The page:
Hong Kong's summer of discontent has just transitioned into autumn. Will it drag on over the winter, even into next spring, a season that traditionally signifies hope and new life?
No wise man can tell, as the city's unprecedented political crisis shows no sign of ending, and neither is there any sign of an immediate leadership reshuffle which could help cool temperatures.
This reveals the reality of Hong Kong's political status as a special administrative region of China instead of an independent entity. Like it or not, Beijing has the final say in deciding the city's leadership.
Adding to the complexity of Beijing's considerations is the troubling, foreseeable, behind-the-scenes bargaining and manoeuvring among various interest groups.
Beijing cannot ignore all the political wrestling once a new round of top-job jockeying begins, years ahead of its original timetable. Incumbent Chief Executive Carrie Lam Cheng Yuet-ngor, who brought this self-inflicted turmoil with her now already "dead" extradition bill, still has about three years to go.
In theory, given the enormity of the anti-government protests and their profound political and economic impacts, a major leadership shake-up should be in the pipeline. But that is not happening in Hong Kong - at least not any time soon.
Instead, Lam is trying hard to - or has to - hang on and find solutions. She is launching a new initiative this Thursday: her first town hall attempting to feel the latest public pulse, which will be followed by more, although the effectiveness of such dialogue remains to be seen.
On the other hand, President Xi Jinping has openly commented for the first time on Hong Kong without mentioning the protests.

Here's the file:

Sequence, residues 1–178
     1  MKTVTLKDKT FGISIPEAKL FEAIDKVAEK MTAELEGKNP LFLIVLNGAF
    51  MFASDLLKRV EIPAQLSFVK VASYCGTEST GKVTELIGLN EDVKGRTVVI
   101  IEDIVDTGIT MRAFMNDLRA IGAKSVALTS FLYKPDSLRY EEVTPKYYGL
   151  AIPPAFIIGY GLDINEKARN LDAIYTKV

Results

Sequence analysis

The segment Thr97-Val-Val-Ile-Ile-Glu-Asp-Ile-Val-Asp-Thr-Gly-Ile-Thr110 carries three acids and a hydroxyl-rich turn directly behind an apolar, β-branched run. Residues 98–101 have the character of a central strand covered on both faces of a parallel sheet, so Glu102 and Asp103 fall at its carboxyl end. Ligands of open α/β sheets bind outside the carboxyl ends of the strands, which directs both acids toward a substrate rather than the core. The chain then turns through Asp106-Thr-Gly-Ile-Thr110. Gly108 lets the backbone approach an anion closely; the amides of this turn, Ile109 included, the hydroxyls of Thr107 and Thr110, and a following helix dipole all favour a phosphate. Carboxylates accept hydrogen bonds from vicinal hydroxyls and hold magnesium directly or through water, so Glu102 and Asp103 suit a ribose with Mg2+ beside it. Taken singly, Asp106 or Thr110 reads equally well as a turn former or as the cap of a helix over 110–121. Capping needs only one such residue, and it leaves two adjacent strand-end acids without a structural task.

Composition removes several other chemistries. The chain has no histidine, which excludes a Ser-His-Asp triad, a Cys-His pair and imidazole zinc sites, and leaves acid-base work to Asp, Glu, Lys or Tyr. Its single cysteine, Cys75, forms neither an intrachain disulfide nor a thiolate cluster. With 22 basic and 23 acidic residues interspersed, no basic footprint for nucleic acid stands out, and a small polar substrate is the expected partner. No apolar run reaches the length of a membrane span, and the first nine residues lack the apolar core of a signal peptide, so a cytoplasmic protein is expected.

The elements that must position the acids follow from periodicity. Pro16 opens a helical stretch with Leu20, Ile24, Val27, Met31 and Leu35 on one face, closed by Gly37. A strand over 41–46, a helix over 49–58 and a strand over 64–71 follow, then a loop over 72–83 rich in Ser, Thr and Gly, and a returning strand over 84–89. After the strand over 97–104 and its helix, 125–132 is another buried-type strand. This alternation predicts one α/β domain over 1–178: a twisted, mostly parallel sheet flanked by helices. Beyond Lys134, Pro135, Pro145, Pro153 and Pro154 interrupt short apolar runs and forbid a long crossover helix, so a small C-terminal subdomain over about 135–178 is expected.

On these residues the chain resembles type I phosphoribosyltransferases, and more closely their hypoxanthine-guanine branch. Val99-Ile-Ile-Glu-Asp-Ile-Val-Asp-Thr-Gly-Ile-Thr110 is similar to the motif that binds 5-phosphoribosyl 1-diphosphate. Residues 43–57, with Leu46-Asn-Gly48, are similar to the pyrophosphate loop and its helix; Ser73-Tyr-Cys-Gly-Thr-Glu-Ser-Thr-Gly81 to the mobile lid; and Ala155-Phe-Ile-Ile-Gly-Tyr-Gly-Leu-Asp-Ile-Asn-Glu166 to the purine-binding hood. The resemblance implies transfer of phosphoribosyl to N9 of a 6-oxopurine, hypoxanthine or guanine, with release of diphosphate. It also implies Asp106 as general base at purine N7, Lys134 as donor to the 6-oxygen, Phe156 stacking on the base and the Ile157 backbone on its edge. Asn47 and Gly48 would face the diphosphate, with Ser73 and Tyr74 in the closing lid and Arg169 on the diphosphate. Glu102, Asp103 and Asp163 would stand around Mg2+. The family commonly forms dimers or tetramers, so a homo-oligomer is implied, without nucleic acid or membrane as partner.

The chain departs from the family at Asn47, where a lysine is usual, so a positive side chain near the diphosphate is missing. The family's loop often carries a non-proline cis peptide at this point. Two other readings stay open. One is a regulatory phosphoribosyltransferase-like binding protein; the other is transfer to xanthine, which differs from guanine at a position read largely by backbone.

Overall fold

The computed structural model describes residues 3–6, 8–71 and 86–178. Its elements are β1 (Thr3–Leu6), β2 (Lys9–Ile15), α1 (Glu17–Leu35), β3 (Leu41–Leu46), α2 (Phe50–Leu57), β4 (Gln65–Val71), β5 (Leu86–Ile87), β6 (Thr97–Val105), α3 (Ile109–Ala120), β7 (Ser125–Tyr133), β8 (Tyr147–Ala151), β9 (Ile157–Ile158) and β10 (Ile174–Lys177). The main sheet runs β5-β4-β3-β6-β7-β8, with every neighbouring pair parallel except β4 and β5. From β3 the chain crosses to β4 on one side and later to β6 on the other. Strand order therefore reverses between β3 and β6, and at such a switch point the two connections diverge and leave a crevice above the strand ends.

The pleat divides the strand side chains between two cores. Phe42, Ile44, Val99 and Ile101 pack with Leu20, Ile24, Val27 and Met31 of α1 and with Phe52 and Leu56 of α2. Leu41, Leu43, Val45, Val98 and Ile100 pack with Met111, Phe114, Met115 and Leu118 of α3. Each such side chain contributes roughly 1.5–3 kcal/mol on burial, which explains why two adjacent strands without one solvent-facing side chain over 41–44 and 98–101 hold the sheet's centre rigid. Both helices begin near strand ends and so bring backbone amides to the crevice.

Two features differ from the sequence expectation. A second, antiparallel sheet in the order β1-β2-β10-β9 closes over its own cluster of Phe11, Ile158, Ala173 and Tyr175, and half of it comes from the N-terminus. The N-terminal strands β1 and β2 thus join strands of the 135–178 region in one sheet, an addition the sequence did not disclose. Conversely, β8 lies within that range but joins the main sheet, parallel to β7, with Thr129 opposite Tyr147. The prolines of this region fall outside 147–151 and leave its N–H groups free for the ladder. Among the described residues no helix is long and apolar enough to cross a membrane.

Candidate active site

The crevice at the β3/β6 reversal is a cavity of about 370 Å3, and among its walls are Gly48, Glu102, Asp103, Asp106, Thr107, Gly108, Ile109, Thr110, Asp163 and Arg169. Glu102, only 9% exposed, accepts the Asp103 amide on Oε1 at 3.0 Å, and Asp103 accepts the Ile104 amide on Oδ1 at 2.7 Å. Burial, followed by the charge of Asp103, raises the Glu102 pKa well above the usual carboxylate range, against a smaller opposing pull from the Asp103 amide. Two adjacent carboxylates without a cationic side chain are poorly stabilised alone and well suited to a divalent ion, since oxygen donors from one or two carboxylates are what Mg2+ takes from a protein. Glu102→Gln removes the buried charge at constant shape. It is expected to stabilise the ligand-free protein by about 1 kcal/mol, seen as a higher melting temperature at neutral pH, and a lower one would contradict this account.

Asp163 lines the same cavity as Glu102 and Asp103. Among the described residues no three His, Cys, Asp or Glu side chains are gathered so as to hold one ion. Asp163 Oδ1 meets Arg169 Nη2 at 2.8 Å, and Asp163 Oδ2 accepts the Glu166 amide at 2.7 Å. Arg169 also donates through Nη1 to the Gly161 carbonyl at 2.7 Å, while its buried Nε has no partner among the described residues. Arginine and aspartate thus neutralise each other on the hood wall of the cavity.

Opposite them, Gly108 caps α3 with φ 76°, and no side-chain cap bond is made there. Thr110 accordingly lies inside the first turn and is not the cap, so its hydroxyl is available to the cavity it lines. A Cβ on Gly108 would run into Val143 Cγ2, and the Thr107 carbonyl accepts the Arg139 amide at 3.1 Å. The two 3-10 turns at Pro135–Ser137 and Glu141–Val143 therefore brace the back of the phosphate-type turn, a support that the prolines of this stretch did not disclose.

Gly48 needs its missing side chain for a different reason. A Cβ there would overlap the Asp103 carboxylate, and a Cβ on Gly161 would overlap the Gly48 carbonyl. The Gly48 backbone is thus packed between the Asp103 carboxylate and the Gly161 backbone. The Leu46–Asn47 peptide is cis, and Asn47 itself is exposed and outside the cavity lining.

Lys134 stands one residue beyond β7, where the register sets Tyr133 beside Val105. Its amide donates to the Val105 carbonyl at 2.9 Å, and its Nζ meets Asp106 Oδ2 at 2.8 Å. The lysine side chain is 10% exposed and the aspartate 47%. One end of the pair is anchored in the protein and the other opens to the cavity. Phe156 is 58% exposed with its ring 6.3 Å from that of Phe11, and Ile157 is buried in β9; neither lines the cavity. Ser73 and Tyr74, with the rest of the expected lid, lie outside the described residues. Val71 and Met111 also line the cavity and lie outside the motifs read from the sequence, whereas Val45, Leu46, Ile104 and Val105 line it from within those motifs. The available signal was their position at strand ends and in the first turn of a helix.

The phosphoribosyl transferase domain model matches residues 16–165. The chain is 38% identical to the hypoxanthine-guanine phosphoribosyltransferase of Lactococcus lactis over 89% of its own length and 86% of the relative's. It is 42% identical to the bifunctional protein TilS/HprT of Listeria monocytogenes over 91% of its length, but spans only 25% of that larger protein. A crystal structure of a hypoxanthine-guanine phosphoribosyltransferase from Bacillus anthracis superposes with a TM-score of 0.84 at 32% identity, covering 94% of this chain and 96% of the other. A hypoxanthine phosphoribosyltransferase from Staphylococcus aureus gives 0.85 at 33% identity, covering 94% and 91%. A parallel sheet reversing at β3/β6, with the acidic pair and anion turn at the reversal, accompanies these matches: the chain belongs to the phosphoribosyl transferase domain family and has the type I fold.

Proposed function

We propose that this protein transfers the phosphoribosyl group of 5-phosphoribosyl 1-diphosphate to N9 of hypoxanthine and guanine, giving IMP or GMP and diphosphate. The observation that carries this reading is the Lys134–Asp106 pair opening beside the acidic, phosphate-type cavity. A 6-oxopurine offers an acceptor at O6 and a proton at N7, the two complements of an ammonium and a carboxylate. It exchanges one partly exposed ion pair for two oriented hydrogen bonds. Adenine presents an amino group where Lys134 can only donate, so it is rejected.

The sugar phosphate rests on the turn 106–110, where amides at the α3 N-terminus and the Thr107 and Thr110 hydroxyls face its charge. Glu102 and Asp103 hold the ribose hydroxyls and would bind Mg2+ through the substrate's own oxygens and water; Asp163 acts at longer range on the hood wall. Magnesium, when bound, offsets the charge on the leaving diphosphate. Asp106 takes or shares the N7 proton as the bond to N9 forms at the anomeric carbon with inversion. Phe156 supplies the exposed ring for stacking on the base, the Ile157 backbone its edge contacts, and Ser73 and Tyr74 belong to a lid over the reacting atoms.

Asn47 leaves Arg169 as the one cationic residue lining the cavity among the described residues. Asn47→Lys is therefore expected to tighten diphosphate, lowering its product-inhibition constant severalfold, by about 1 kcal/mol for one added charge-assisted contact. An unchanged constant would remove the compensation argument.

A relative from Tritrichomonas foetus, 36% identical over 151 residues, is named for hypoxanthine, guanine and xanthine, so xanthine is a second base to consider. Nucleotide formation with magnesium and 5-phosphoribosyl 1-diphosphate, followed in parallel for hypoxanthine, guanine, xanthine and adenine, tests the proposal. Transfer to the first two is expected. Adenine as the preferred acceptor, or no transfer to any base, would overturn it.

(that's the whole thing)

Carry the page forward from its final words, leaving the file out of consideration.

Yet, intriguingly, in his keynote speech last Friday to mark the 70th anniversary of the founding of the Chinese People's Political Consultative Conference, only two lines touched on Hong Kong, together with Macau.
Reiterating the "comprehensive and accurate" implementation of "one country, two systems", Xi urged the nation's top political advisory body to "guide its Hong Kong and Macau members to support" their local governments and the two chief executives to govern according to law.
Some political pundits in town jumped to the conclusion that Xi was backing the embattled Lam, but this was perhaps more of a show of support for the constitutional role of the chief executive than for a particular individual.
Still, it would probably provide the best spin for Lam's supporters. The chief executive, who will lead the Hong Kong delegation to Beijing for the October 1 National Day celebrations, knows well it is high time to prove herself more before heading up north.
For Beijing, any direct or indirect support for Lam goes together with the chief executive's position. That also reflects a buying-time strategy.
Hong Kong's crisis is a distraction at a bad time for Beijing: on the domestic front the economy is slowing down and soaring pork prices are posing an immediate and critical livelihood problem; on the international front the country is facing the unpredictable impact of the US-China trade war, which has been dragging on for 18 months with no end in sight.
If history is a mirror, Beijing needs more time to find a new cure for the "who to pick next" headache.
Over the past decades, it has tried business tycoon Tung Chee-hwa, bureaucrat Donald Tsang Yum-keu and professional surveyor Leung Chung-ying, before going back to bureaucrat Lam. Unfortunately, none of them could maintain their political honeymoon long enough before becoming overwhelmed by real problems.
Will Beijing go back to the business, professional or some other sector to look for a future chief executive to lead Hong Kong through more storms ahead?
Lam, ironically, has helped Beijing learn bitter new lessons in adversity.
Copyright (c) 2019. South China Morning Post Publishers Ltd. All rights reserved.